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Competition in Fabric Deodorant Market Heats Up (November 14, 2005)

Spraying a jacket with Febreze
Two companies are engaged in a battle to gain the upper hand in the Japanese market for fabric deodorant sprays, and the secret weapon they are deploying is green tea. P&G has until now dominated the market thanks to its Febreze products, which many consumers use to keep their clothes and fabrics smelling fresh. Now, however, a new entrant is taking a big chunk of this market. The product is Resesh, produced by Kao Corp., and its key ingredient is green tea. According to Kao, the tea is an effective and natural way of combating bad odors and even bacteria. Resesh has already grabbed a 30% share of the market for fabric deodorants since it was rolled out in August 2005, according to market analysts.

The Sweet Smell of Success
In Japan, P&G's market dominance dates back to 1999, when it introduced Febreze. Sales of the product grew steadily during the following years, as the market for fabric deodorants ballooned. During 2004, however, Febreze's sales started to plateau. Even so, the market had grown to around ¥8 billion (about $70 million at ¥115 to the dollar) by that point.

Now that its new product is on the shelves, Kao expects further growth in the years ahead. "As long as the right conditions are in place, we believe the market will expand even further," a company spokesperson says.

The idea to use green tea in a deodorant spray stems from a survey conducted by Kao. The research found that while consumers were interested in using deodorants on such things as running shoes and suits, many were resistant to the idea of spraying items that come into direct contact with their skin. "Eliminating this resistance would provide considerable scope for growth in sales," the survey concluded.

The solution, the firm decided, was green tea. The tea's natural ingredients give consumers a sense of assurance and mean the product does not get sticky after it has been sprayed on. Furthermore, catechin, a substance found in abundance in green tea, has deodorizing and anti-bacterial properties.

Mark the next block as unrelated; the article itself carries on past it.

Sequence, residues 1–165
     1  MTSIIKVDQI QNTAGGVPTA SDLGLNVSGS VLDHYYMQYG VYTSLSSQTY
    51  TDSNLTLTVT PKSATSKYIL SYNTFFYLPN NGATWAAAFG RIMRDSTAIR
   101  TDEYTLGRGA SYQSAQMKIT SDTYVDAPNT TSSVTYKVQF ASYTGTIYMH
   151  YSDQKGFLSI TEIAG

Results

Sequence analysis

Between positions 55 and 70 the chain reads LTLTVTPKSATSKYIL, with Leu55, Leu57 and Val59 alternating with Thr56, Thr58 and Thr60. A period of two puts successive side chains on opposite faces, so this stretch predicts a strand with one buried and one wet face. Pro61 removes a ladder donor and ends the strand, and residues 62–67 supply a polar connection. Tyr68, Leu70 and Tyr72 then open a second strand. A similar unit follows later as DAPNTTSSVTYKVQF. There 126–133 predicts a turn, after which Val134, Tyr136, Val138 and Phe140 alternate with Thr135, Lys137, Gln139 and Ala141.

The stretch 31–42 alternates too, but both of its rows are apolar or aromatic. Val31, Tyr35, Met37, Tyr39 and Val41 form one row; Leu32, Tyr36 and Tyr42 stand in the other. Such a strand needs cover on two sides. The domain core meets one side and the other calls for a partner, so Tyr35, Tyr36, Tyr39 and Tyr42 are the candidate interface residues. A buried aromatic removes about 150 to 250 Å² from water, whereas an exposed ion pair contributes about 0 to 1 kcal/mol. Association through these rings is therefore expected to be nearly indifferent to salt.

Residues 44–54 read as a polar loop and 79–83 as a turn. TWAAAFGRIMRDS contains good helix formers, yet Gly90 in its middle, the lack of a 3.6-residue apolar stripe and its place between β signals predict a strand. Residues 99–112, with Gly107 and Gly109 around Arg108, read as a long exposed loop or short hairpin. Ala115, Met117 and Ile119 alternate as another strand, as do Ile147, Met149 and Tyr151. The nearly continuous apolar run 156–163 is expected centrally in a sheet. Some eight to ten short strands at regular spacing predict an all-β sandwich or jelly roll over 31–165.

Kao's Resesh (Jiji)

P&G Strikes Back
This is not the first time that Kao has entered the market for fabric deodorant sprays. The company came out with a spray as part of the Will brand, which was launched as a joint project in 2000 by a number of companies, including Kao and Toyota Motor Corp. However, the spray failed to catch on among consumers. "The product wasn't distinctive enough, and our target market of young women was too narrow," the Kao spokesperson explains.

This time around, Kao officials are taking a very different approach. For one, they are stressing the difference between their product and Febreze, which contains corn extract. What is more, the target market has been broadened to include housewives who do not take their husbands' suits to the cleaners all that often and female office workers who want to get rid of the smell of cigarettes and other things on their clothes before going out to socialize after work. "By uncovering these new needs, we can expand the market by a factor of 1.3 and secure a 30% market share in Japan."

P&G, meanwhile, is not taking this lying down. In mid-September it released a new version of Febreze featuring green-tea extract. The company has also unveiled a non-spray Febreze product that only needs to be stored with clothes to deodorize them.

As these two firms compete to outdo each other in the quest for better fabric deodorants, the only clear winner is the Japanese consumer.

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Copyright (c) 2005 Web Japan. Edited by Japan Echo Inc. based on domestic Japanese news sources. Articles presented here are offered for reference purposes and do not necessarily represent the policy or views of the Japanese Government.

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